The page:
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Emeritus Professor Murray Maybery

School of Psychological Sciences

"If I could go back and give my student-self one piece of advice, as an undergraduate, this would be to be less critical of myself, which would hopefully reduce anxiety and lead to less avoidance of study."

Born in 1954 and growing up on a farm in Western Victoria, I was the first in the family to finish high school. I then enrolled in a BSc at Melbourne University, with Psychology quickly becoming the focus. After finishing Honours, with a project on Piaget’s stages of cognitive development, I shifted to Brisbane to be close to my future wife, Denise McGregor. The Honours project helped me score a research-assistant job at the University of Queensland, working on a project led by Graeme Halford, a leading international researcher on cognitive development. While continuing to work with Graeme on developmental projects, I completed a PhD part-time on adult reasoning. After a brief teaching stint at UQ, I took up a lectureship at UWA in 1989.

Our two daughters, Ellen and Tessa, were born in 1989 and 1993. Over the first decade at UWA my research focused primarily on working memory in adults and children, with collaborations at UWA and Cardiff University contributing to a series of successful ARC grants. In the late 90s I developed a second stream of research on autism, collaborating with UWA and Oxford researchers. From then till now, autism research has blossomed, funded by ARC and NHMRC and supported by invaluable collaborations with Telethon Kids Institute researchers. Significant other contributions to UWA were to serve as Head of Psychological Science for 5 years (2012-2016) and to introduce the Graduate Certificate in Autism Diagnosis, which continues to train diagnosticians across the country.

Most important experiences while at UWA

The most striking feature of my time at UWA has been the high level of collegiality in the School of Psychological Science, which was evident when I first arrived in 1989, with senior staff immediately welcoming me into their research networks. Collaboration has been a priority in the School and I’ve been blessed to work with so many wonderful UWA researchers, both staff and postgraduate students, and numbering over 100.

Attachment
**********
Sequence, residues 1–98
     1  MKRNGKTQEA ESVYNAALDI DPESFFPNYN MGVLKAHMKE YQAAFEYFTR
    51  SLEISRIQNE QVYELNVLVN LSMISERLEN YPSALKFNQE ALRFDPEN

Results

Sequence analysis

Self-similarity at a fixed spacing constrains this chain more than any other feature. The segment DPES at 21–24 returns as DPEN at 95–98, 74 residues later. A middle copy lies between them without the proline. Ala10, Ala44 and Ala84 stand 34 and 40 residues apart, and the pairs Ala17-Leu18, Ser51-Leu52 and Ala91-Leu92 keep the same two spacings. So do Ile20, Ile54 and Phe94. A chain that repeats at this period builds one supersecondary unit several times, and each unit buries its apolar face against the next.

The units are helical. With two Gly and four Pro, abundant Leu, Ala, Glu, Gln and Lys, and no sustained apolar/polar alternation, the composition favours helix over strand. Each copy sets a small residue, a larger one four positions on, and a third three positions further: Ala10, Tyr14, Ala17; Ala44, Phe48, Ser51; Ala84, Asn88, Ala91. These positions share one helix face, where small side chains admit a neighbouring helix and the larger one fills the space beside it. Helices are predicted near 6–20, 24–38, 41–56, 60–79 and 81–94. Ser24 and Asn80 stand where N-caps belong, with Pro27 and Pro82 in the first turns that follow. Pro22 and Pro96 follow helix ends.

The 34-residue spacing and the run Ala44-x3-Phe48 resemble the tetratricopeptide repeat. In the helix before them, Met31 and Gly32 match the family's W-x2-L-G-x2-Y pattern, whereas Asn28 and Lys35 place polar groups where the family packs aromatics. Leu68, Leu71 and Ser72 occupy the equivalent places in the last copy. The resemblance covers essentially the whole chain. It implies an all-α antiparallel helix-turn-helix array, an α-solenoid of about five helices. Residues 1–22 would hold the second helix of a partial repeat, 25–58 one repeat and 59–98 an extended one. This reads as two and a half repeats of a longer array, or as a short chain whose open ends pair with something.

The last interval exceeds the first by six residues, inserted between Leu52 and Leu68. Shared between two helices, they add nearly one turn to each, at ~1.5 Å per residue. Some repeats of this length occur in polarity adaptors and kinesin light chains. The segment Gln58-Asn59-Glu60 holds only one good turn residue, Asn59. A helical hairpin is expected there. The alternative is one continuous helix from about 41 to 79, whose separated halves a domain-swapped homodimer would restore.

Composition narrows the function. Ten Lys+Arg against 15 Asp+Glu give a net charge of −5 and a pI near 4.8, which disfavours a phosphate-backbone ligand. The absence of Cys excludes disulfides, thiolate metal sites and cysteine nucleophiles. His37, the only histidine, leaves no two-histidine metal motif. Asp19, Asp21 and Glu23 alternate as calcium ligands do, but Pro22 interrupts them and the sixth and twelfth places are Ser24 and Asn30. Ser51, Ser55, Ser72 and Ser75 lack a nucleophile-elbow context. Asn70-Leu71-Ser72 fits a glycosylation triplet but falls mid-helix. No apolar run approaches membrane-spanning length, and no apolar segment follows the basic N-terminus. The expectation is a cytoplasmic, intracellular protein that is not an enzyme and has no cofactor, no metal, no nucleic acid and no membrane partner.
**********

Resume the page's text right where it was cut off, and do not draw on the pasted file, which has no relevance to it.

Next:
Where did you think you would end up, when you began your career?

My career path has been haphazard and largely unplanned. Leaving farm life to start a BSc at Melbourne University, I chose psychology as a first-year subject knowing nothing about it. But the topic proved intriguing, with developmental and cognitive psychology the favoured sub-disciplines. After completing honours in psychology, I still had no clear career plan, and considered any jobs in Melbourne or Brisbane (where my wife-to-be was studying). Fortuitously I took an RA job at Queensland University, working with the brilliant cognitive developmentalist, Graeme Halford. While continuing to work with Graeme, I completed a PhD on adult reasoning. Again fortuitously, one of my examiners was from UWA, which tilted me towards taking a lectureship here. Research on child and adult cognition flourished at UWA over the next decade. But then serendipity struck again: Supervising an honours student investigating cognition in autistic children led my research to gravitate increasingly towards autism over the last two decades.

What are some of your most significant achievements?

Perhaps the most significant achievements have been in mapping out weaknesses and also strengths in cognition in autism and demonstrating the consistency of this cognitive profile across the autism continuum. Demonstrating the separability of different dimensions of autistic traits and developing a comprehensive tool to assess these traits in adults are other significant accomplishments.

What has been the most interesting aspect of your career?

The most interesting work was the investigation of facial morphology in autistic children and their first-degree relatives. This work involved collaborators with expertise in the analysis of facial structure using machine learning. We established that autistic girls and boys exhibit more masculine faces than their allistic counterparts, with parents and siblings of autistic children showing similar differences in facial structure.

Where are you planning to go from here? Are there new interests you are looking to get involved in?

The next couple of years will hopefully see all 11 of my current PhD students complete successful theses, continuing our work on autism. Separately, I have revived a collaboration with a Spanish researcher and resumed work in a couple of areas of adult cognition. With contributions also from a UWA postdoc, we have completed work on auditory distraction and are currently analyzing data sets on egocentric and geographic representations of space.

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